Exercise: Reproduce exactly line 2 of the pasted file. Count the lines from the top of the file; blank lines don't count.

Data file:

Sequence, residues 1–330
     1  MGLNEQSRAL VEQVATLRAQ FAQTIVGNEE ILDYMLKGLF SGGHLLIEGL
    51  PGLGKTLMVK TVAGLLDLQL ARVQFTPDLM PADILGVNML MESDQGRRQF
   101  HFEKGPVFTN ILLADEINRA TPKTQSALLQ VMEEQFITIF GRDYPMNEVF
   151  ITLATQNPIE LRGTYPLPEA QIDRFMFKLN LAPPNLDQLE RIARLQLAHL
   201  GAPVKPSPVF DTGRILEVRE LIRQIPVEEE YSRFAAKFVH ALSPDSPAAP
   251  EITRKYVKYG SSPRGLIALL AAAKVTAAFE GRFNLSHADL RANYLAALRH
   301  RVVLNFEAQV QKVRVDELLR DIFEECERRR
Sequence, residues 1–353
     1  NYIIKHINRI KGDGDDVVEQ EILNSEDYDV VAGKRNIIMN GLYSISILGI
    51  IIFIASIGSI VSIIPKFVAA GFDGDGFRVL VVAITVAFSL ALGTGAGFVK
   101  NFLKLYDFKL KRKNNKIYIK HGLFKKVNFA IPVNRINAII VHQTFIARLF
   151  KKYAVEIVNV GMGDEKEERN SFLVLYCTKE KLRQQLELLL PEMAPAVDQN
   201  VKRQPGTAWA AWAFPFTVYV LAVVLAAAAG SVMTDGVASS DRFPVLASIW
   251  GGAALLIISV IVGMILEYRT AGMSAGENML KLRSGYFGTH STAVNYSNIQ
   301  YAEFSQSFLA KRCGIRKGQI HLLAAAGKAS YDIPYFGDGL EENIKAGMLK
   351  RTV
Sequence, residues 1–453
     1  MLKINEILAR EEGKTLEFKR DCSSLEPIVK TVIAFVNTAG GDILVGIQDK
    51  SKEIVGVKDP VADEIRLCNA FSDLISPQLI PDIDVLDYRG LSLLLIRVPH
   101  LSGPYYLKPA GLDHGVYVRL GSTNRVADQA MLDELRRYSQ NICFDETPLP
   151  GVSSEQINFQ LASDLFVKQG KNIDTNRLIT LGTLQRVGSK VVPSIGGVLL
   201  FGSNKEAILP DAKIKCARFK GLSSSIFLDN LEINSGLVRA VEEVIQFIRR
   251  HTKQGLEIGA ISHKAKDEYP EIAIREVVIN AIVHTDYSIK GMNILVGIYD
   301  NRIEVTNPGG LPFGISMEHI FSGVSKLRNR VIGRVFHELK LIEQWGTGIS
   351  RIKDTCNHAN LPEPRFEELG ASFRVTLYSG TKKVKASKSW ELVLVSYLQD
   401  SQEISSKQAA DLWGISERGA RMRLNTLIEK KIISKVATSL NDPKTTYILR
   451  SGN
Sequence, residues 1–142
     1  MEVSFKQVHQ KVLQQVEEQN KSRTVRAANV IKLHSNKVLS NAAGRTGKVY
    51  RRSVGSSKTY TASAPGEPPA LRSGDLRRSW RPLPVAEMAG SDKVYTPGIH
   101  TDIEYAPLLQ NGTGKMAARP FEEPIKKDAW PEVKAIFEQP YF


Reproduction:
     1  MGLNEQSRAL VEQVATLRAQ FAQTIVGNEE ILDYMLKGLF SGGHLLIEGL